Cervical spinal stenosis is the narrowing of the spinal canal in your neck. Your spinal canal is the open area in the bones that make up the spinal column. Your spinal cord consists of nerves that run through the spinal canal from the base of your brain to your lower back.
The Cervical Spine
The different sections of your spine have different names. The cervical part of your spine is made up of the first seven vertebrae. It begins right below the skull and runs to just above the thoracic spine (middle). It is in the shape of a backward C-shape called a lordotic curve. This part of the spine is more mobile than the other regions of your spine.
The cervical spine has special openings in each vertebra. This is for the arteries and the spinal canal that carries the spinal cord. These arteries run through these openings to bring blood to your brain.
Cervical Spinal Stenosis – Risks for Injury
While your cervical spine is quite flexible, there is a high risk for injury due to strong, sudden movements. This is because there is limited muscle support in this area. Also, the risk is increased for injury because this part of your spine must support the weight of your head. The weight of your head is heavy, especially for these thin, small bones and soft tissues. This is why strong sudden movements can cause so much damage.
Causes of Cervical Spinal Stenosis
This condition is generally caused due to the natural aging process. This aging process can cause a bulging of the discs, which are the spongy discs found between the bones of your spine. They may bulge out farther than normal or the tissues that connect your bones, also called ligaments, can thicken during the aging process.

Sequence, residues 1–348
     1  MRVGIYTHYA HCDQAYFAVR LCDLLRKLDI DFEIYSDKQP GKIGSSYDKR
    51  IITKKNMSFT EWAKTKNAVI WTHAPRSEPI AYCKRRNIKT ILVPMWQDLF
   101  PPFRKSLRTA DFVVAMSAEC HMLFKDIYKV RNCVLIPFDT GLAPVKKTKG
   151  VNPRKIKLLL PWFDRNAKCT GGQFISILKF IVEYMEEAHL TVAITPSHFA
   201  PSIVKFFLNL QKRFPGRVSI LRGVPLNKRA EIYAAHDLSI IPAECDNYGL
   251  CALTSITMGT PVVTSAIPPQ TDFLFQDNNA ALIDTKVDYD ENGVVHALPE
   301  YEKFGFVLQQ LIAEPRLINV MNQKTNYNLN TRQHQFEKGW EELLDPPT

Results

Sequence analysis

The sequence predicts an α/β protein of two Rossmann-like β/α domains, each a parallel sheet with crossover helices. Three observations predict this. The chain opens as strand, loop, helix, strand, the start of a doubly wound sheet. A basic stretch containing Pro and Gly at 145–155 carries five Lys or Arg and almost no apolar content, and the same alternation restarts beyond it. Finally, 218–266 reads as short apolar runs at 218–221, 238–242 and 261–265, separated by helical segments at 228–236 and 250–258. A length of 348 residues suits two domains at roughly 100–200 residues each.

The aging process can also destroy the tissues that cover your bones, also called cartilage. It can cause excessive growth of your bones in the joints. All of these natural aging process conditions can narrow the spinal canal, also called cervical spinal stenosis.
Some people are actually born with a narrow spinal canal. This is called congenital cervical spinal stenosis. Generally, people who are born with a narrow canal will not experience problems until later on in life, and they are more prone to suffer from stenosis. Minor neck injuries can even be an issue for these people.
Another common cause is spinal instability. This is when there is extra movement with the bones of your spine. This can happen if the supporting ligaments have been stretched or torn due to a severe injury to your head or neck. There are some diseases, such as rheumatoid arthritis, that can loosen the connective tissues. This can cause the upper bones of your neck to loosen, which will shift your upper bones and narrow the spinal canal.
What Happens Next?
Once your condition has been diagnosed, your doctor will discuss treatment options. Generally, non-surgical treatments will be recommended until all these avenues have been exhausted and have been considered as unsuccessful. Surgery is definitely an option; however, there are some risks involved. It is possible to manage the symptoms of cervical spinal stenosis, which can reduce or even eliminate pain associated with this condition.